No, this isn’t the beginning of a Seinfeld routine; it’s an actual question. Safeway (NYSE:SWY) options volume has been off-the-charts notable of late, and there’s probably a good reason for it.
Yesterday, Bloomberg noted that short-term, out-of-the-money SWY calls have climbed in price and have been increasingly popular. Last week, call open interest swelled to more than 62,000, hitting its highest point since August 2010.
Puts, on the other hand, are being neglected. The put/call volume ratio for the stock currently stands at 0.13, meaning just 13 puts are being traded for every 100 calls. This is just off the reading’s annual low of 0.11.
Implied volatility, which measures what the options-trading crowd expects volatility to be (versus historical, or actual price movement), has been on the rise for both put and call options. Call implied volatility has shot up past 40%, doubling since mid-March and outpacing the historical volatility reading of 30%. Implied volatility for call options is now at its highest point since October. Put options are seeing a similar trend.
One thing to note, however, is that volatility for long-term options is considerably lower. For example, a 5% out-of-the-money (23 strike) call in the May series has an implied volatility (IV) reading of 41%. In the September series, that same-strike option has an IV of 27%. Volatilities become further crushed as the months move forward.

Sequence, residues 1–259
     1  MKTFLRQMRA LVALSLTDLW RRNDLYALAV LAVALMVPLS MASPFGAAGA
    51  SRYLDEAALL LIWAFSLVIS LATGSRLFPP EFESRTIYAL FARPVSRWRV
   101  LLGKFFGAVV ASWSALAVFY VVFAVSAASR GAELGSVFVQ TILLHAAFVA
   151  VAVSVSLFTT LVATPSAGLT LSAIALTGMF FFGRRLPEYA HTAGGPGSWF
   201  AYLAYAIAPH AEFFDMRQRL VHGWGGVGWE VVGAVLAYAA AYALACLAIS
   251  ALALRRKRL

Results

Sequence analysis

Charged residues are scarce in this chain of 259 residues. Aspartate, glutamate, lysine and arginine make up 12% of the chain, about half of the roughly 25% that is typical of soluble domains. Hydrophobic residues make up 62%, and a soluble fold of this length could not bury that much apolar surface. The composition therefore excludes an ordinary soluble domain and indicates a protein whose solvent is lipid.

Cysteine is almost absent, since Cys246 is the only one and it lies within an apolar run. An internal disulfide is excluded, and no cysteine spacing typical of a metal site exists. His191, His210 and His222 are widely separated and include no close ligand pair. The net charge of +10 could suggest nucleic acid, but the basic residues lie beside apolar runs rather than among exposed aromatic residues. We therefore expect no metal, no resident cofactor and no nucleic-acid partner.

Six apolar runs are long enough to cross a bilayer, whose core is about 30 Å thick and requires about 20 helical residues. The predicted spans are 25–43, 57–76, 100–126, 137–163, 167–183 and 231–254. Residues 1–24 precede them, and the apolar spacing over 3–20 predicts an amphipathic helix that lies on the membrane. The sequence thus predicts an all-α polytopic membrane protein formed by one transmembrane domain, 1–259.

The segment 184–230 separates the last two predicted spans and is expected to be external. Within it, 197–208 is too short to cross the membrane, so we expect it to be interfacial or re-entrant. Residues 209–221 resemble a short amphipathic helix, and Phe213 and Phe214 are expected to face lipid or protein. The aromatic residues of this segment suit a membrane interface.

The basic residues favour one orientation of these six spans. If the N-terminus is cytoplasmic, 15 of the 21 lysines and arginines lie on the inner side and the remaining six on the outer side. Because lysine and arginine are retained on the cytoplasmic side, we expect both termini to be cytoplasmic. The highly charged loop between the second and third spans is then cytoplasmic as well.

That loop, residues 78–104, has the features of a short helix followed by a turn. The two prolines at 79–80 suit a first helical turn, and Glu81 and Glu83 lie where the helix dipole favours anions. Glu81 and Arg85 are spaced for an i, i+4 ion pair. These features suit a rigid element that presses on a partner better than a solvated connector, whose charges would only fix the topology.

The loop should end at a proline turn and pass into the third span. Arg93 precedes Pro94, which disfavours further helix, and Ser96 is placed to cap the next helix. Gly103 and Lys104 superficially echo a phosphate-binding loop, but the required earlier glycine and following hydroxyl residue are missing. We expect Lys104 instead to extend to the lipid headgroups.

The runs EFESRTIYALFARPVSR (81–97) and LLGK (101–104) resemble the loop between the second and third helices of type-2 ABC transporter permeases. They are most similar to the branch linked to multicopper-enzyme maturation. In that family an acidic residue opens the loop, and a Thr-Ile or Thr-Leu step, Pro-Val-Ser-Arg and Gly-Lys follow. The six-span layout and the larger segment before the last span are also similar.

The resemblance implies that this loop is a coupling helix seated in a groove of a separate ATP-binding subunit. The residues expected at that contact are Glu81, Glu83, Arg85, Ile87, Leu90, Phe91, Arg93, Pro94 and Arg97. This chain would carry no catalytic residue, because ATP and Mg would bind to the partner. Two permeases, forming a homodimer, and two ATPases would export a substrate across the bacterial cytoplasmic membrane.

Steve Claussen, chief investment strategist with online brokerage OptionsHouse, notes that this backdrop indicates “uncertainty in the near term but a belief that in the longer-term, the volatility is not worth much.”
SWY shares have risen nearly 9% in the past five days, already rewarding investors who bought calls on the equity. This may be igniting a self-perpetuating cycle among short sellers who are heading for the proverbial hills by buying back SWY shares to close their short positions.
SWY is a heavily shorted stock, as short interest represents about one-quarter of the equity’s float (the shares available for public trading). The number of shorted SWY shares has risen from 31 million in mid-November to roughly 65 million now.
The likely reason for all of this — the increased call volume, the growing short interest, the disparity in short-term and long-term volatility — is buyout speculation. Recent moves by the company have experts and investors alike predicting a massive strategic shift for SWY leadership.
Some expect a merger with Kroger (NYSE:KR). Others believe a leveraged buyout could take the company private. Either way, a decision would likely be announced before later-dated options expire (or at least that’s what options traders currently think).
Investors buying calls risk 100% of the premium paid but can enjoy unlimited upside if the underlying stock rallies. The breakeven price for a long call position is the strike price of the call plus the initial debit.
Some of the most popular SWY options in the May and June series are out-of-the-money: the 22, 24, and 25 strikes. These would have been priced relatively low but require more upside in the shares to lift the calls into profitable territory.
As of this writing, Beth Gaston Moon does not own any shares mentioned here.